JOHOR BARU: A factory owner here is on a mission to increase public awareness on what he calls “the closest thing to magic in the real world” – 3D printing.
Sean Ng (pic), 30, who has been involved in the 3D printing industry for over a decade, said he started learning about the trade when he was studying industry design in Taiwan.
“I fell in love with 3D printing as I feel that I could create almost anything as long as I can imagine and come out with a design for it. For me, it is the closest thing to magic in the real world.
“It is not a difficult thing to learn and most of the people I know learn it through videos and articles online. In fact, we could even make our own 3D printers based on instructions available online. The first 3D printer I owned was a DIY (do-it-yourself) piece assembled with spare parts I bought online,” he added.
The only problem was that most Malaysians, he added, were either unaware of the technology or did not know where to start.
“This is a huge contrast from how things are in Taiwan where people are very much aware of the benefits of this technology,” he said in an interview.
Ng said when he returned to Johor in 2015, he opened a cafe in Kulai, where he served not only coffee but provided several 3D printers for customers to try out.
“We either helped them print out the prototype they had in mind or taught them a thing or two about 3D printing.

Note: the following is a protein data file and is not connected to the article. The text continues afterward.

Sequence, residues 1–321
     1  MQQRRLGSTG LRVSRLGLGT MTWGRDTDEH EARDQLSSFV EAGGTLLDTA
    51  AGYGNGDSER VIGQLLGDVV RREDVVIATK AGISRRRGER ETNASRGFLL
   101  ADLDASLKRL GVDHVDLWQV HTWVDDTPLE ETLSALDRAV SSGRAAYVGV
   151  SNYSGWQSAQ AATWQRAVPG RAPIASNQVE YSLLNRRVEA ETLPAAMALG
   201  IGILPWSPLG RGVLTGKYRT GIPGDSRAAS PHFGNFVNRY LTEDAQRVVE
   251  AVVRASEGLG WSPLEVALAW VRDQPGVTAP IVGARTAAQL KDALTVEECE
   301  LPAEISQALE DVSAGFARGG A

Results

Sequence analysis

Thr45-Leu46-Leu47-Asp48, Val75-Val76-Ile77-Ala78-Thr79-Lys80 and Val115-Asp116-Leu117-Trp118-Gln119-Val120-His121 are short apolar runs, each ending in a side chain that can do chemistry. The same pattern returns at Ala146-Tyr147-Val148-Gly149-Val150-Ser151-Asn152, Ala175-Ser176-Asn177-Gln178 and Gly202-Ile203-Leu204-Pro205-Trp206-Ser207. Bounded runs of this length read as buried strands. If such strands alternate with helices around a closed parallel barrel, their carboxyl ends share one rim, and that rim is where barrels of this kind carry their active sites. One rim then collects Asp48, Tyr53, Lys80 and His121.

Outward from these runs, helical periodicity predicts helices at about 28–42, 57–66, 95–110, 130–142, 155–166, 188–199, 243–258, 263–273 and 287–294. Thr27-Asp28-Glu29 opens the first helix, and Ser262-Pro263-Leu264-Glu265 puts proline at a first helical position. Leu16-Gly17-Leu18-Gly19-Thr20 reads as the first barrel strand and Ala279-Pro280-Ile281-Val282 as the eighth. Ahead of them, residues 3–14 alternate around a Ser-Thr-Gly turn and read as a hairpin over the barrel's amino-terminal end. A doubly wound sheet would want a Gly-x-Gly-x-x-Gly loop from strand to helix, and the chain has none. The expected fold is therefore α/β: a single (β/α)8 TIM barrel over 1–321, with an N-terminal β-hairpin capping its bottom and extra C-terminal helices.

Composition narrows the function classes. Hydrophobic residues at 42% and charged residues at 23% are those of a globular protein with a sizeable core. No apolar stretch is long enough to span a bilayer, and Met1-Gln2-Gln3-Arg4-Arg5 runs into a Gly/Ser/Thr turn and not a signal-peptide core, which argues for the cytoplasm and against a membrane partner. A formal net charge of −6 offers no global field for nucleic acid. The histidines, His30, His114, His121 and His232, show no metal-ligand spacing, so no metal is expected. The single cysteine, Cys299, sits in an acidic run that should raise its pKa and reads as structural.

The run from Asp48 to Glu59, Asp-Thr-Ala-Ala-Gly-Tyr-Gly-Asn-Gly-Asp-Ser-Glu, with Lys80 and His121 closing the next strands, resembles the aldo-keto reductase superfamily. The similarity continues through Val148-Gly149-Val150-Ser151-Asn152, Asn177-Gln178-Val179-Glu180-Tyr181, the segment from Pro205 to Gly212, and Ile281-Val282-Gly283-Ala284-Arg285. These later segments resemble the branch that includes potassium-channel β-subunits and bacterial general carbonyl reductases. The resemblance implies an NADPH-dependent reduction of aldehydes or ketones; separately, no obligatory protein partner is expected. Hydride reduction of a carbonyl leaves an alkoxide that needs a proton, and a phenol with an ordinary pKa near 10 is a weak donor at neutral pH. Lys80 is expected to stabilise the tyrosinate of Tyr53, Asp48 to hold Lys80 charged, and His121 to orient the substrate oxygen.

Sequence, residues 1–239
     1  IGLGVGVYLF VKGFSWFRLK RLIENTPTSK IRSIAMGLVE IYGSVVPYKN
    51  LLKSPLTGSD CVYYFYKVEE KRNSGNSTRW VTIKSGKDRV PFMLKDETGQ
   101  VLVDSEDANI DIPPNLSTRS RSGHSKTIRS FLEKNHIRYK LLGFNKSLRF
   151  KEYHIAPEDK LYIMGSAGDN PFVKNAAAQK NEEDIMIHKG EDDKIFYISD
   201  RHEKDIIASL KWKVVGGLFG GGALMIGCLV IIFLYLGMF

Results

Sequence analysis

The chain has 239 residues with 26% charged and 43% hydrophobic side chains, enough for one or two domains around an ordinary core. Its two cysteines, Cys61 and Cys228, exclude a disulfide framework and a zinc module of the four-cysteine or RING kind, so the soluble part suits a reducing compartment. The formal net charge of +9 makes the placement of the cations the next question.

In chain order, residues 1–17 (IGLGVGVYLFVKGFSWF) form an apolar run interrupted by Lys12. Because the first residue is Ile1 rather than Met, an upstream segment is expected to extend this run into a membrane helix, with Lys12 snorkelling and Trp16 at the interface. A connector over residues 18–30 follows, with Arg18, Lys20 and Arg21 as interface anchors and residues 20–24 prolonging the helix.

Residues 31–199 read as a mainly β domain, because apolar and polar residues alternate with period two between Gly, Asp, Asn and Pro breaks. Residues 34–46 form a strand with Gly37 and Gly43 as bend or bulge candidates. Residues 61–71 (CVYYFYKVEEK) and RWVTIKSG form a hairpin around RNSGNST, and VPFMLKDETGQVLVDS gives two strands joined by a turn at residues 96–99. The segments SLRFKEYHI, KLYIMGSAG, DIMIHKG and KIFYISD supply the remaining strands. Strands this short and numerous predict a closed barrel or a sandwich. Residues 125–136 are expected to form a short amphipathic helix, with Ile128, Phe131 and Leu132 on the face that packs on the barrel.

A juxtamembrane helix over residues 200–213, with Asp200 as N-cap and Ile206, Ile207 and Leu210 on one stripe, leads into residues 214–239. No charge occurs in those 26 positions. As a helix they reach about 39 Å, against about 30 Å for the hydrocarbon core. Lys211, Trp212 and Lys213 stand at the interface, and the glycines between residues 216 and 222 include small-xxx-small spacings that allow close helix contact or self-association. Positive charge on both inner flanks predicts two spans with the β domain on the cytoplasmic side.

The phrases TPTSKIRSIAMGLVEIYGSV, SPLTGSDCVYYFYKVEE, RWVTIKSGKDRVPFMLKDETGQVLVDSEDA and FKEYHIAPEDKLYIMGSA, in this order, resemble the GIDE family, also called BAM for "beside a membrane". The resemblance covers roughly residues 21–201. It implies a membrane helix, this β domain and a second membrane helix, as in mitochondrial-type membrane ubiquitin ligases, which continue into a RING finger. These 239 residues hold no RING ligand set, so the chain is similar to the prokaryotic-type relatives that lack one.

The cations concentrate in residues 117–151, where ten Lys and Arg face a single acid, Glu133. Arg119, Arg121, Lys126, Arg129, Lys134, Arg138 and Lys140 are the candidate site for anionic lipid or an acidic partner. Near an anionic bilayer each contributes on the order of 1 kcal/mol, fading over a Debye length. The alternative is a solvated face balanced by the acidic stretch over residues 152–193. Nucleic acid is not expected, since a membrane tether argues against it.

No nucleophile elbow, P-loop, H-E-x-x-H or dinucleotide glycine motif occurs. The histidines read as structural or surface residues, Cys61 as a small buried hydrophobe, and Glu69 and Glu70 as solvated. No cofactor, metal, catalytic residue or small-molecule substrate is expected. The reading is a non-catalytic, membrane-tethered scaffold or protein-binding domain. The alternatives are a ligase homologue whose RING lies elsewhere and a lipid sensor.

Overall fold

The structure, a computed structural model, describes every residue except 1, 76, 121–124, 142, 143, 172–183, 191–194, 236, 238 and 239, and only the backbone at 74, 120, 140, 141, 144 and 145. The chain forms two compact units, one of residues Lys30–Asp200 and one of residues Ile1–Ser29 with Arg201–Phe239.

“My aim was to get as many people as possible interested in the technology as I felt that the awareness is still significantly low in Malaysia,” he said, adding that he also distributed 3D printers from Taiwan and China alongside his cafe business.
After closing down his cafe in 2019, Ng opened a 3D factory in Senai with his business partner, acting as a distributor for 3D printers and providing training to schools and businesses.
“We also help businesses with their research and development by producing prototypes for the specific items they need.
“I notice that there has been an increase in interest towards 3D printing since the Covid-19 pandemic as people looked for alternative ways to earn a living at home.
“It is a good improvement, but we still have a long way to go. I don’t mind giving free consultations to those interested in learning more about 3D printing, either for business or as a hobby,” he said.
Ng also hopes to see more ‘makerspaces’, a place where people can use their creativity to come out with all sorts of things, including 3D printed items, in Johor.
“In some countries, it is common to see people flooding a makerspace on weekends.
“It is a great way to expand one’s creativity to find better solutions to problems,” said Ng, who is looking into creating a makerspace for public use in his factory.